I painted the grey and green using spray paint with primer. The downside of this is that the board is so thin that the paint "mist" missed quite a bit, so I got the can too close to the board and it puddled. So I had to clean a lot of that up (user error). The tan board I used Ceramcoat Arts and Crafts paint with a foam brush (very watered down, just thicker than a wash) and it worked much better.

However after cutting the squares, the spray paint ended up working a lot better to finish off the cut ends. With the hand painting I had to touch each one it was a little messy, though not unbearable. If I were doing it over though I'd probably hand paint as the spray required too long to dry.


The sticks painted before cutting.

To cut them, I used a chop saw that we've had for years. You could just as well use a mitre box and handsaw -- which I might do if I did this again. The chop saw blade was not for fine detail work so was a little rougher. Also on the upstroke, the blade would sometimes catch the new piece and send it flying across the room (or in one case over my car and into the driveway). I ended up having to cut the board, let the saw stop, then lift the blade which made it take a little longer.

To insure even cuts, I lowed the blade and set the board against it widthwise. Then clamped a piece of scrapwood to the saw to serve as a stop so that I could just feed the board against the stop, lower the blade and cut the piece. This part worked great.


Creating the Stop based on the width of the board.


Sliding the board to the stop before the cut.

The blade left some frayed edges, so I had to sand off the rough spots and then paint the cut edges. TIP: It's much easier to paint the sticks first and knock off 4 of the six sides before you cut them.


Blanks cut and in need of a little touch up sanding.


The German army lines up for some edge painting...

When the painting is all over you end up with nice blocks ready for the stickers...



The stickers I designed in Photoshop. The goal was to make them so each side would show the current strength of the unit in the upper righthand corner. No matter which side you're looking at, the correct value showed.

I originally planned to photograph the actual game pieces, but decided to go with a generic WW2 silhouette for each piece (same for all armies) for simplicity and make the counters less busy. The silhouette is situated so that it's right side up for the default strength (which is also marked in green). You can rotate for reductions (or increases) as necessary.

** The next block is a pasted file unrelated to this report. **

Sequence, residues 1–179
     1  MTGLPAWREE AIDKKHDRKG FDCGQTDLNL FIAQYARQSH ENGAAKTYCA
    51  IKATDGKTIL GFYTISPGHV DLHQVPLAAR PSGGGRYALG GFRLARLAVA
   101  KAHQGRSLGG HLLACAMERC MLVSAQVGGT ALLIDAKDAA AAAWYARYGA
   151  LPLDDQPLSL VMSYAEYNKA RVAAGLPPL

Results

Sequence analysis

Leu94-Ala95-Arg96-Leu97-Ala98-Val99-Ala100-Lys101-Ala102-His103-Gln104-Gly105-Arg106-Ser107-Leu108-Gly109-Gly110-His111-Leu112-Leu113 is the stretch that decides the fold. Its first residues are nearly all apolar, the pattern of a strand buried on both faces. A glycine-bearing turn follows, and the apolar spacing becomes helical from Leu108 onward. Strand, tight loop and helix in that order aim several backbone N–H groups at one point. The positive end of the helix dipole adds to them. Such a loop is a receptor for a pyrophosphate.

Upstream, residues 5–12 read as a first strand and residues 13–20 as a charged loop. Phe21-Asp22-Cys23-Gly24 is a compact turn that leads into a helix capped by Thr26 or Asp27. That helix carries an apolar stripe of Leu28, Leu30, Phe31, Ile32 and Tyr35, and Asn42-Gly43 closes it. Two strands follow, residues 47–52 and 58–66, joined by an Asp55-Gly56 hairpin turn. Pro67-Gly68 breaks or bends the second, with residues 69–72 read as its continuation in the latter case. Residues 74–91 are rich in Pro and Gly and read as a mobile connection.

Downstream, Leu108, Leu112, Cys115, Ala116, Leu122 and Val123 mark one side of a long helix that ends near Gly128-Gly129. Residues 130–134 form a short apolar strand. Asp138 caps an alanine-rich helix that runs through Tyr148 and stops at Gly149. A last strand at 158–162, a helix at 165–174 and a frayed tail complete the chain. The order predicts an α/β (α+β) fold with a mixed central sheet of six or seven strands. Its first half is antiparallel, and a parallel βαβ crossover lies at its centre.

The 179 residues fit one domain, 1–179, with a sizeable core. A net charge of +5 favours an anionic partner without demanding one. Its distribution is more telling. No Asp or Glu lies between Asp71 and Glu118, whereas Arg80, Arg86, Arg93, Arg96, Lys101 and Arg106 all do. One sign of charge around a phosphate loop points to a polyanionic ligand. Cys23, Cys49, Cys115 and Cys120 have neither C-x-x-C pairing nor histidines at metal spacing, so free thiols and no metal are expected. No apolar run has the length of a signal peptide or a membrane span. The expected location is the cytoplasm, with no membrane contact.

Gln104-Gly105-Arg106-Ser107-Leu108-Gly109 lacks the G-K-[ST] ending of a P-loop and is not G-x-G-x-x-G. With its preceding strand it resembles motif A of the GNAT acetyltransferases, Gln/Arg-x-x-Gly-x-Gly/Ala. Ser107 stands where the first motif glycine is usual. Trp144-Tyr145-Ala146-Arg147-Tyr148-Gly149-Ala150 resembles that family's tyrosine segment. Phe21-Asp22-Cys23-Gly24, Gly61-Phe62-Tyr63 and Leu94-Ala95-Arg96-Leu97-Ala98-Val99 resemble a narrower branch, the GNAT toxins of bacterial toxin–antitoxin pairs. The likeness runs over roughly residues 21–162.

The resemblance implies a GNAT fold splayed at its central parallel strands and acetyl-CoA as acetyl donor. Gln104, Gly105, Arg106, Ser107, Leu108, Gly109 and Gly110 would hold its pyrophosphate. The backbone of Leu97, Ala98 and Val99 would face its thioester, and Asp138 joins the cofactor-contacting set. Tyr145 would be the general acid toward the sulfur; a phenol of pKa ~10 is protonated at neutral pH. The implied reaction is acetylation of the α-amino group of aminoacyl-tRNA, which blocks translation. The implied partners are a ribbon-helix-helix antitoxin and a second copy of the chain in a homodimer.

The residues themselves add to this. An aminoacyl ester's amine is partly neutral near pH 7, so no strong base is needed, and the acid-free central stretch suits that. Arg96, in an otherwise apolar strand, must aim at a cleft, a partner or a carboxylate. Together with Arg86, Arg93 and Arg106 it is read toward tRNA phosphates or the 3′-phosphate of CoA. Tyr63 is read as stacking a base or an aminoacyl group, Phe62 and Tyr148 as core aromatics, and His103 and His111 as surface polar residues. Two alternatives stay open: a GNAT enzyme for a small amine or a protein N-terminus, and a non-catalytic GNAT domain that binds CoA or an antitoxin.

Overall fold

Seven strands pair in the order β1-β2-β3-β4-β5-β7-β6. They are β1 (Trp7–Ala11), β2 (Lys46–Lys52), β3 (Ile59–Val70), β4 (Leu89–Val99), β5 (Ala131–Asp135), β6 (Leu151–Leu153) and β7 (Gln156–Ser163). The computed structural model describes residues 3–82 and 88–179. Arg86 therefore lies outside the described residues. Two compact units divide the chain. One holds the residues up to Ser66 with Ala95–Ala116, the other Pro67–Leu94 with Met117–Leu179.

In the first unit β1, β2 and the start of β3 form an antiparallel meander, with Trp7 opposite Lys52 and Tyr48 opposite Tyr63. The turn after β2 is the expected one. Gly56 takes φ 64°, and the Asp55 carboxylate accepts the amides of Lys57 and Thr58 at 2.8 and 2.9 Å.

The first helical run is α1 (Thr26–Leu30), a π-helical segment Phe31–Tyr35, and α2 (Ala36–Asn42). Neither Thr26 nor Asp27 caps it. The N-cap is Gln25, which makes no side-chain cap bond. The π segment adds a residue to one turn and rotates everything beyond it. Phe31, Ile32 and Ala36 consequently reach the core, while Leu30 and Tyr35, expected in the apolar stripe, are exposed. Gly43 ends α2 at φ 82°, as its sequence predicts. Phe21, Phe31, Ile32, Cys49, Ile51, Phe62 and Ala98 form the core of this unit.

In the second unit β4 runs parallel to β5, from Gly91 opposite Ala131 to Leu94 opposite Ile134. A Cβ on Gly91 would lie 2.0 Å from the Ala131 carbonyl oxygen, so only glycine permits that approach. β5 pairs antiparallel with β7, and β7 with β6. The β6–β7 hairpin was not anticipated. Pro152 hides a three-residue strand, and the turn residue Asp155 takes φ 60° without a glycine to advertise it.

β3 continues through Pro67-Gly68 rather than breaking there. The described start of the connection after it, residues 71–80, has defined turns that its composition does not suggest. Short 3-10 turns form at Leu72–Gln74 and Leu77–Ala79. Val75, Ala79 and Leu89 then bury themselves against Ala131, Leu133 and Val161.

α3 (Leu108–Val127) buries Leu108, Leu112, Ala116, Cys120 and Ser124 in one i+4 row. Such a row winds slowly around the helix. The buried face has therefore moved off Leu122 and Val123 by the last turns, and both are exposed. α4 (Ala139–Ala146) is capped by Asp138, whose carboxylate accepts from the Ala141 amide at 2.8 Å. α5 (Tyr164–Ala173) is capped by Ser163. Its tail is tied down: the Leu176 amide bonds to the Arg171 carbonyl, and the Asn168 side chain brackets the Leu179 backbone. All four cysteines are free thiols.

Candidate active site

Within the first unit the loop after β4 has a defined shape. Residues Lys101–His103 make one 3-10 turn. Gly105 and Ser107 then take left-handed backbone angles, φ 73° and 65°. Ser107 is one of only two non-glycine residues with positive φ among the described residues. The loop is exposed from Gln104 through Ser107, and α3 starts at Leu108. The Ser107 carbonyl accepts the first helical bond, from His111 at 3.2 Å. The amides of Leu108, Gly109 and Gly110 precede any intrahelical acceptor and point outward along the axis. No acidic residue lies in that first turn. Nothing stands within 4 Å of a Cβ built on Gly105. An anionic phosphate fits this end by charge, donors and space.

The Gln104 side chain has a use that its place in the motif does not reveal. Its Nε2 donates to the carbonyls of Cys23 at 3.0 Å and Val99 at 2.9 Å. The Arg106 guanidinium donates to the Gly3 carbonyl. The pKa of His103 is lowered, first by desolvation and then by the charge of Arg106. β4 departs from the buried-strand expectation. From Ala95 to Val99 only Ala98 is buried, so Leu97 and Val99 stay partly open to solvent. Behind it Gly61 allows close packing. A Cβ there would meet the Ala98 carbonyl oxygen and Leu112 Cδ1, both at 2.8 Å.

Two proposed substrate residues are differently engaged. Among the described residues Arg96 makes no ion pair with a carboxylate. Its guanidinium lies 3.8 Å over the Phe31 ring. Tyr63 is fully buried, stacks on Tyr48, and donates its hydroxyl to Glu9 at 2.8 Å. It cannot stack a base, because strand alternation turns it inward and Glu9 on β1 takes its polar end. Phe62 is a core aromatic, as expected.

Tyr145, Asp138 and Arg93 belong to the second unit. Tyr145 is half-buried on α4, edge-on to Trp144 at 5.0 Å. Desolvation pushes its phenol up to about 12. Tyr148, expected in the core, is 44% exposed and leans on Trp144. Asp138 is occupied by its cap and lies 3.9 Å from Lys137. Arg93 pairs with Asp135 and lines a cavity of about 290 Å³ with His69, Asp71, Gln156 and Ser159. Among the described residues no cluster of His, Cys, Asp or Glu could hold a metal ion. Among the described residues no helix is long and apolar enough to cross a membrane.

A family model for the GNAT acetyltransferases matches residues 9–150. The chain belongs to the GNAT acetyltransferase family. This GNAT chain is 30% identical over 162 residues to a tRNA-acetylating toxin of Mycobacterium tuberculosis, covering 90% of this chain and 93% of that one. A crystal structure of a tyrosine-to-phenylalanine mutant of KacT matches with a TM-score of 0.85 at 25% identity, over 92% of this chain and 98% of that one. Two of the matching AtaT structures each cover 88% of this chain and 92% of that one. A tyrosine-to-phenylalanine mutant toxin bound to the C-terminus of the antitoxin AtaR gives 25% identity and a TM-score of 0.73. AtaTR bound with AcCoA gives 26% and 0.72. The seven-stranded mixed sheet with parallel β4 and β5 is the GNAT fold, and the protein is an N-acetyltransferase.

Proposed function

The labels are paired so you can keep them straight -- each side requires a slightly different label to make the rotation work for both players. I will upload these sheets as PDF to the files section.


An entire base army on one sheet.

To make the initial setup as well as selection from the box easier, I made labels to go across the top of each block for ARMOR, ARTILLERY, and INFANTRY.


Block top labels. More than you need for three armies.

I printed these on a full sheet of 1/2 sheet labels, so the split in the middle covers the seam between the two labels. I assumed they would stick well and then a clear coat sealer on top would insure they'd hold. This was not the case.

The Germans (of course) grey paint had to cause trouble. Not sure what's in the grey vs. the green to make them not stick fully, but corners would peel up a bit. I went over those with a decoupage solution from white glue to help hold them, but I think more will have to be done here. Perhaps a lacquer finish will help hold them on.


When the labelling was all done I applied several coats of the sealer to protect them...

Finally got them on the board. Set up the initial Pegasus Bridge scenario...





And that's all there is to it. Again, with normal play the stickers and clear coat should hold just fine, but I do need to get them secured a little bit better. If I knew I would do decoupage, I would have just printed them on paper and did that from the start.

Hope you enjoyed this.

P.S. As I was developing my version, I did a google search just to see if this had been done before... I found this thread from 2011: http://boardgamegeek.com/thread/617754/looking-feedback-memo... which was a similar attempt, but much smaller blocks. So kudos to them as well for working on this too.
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Chadgr
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Excellent. Thanks for posting again.
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Andy
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"... and this is why you should always backup your work..."

I'm seriously considering the block approach for Battle Cry although I'll probably use cast plaster blocks with only the unit type on the enemy side and the type + strengths on the player side - so much quicker to set up.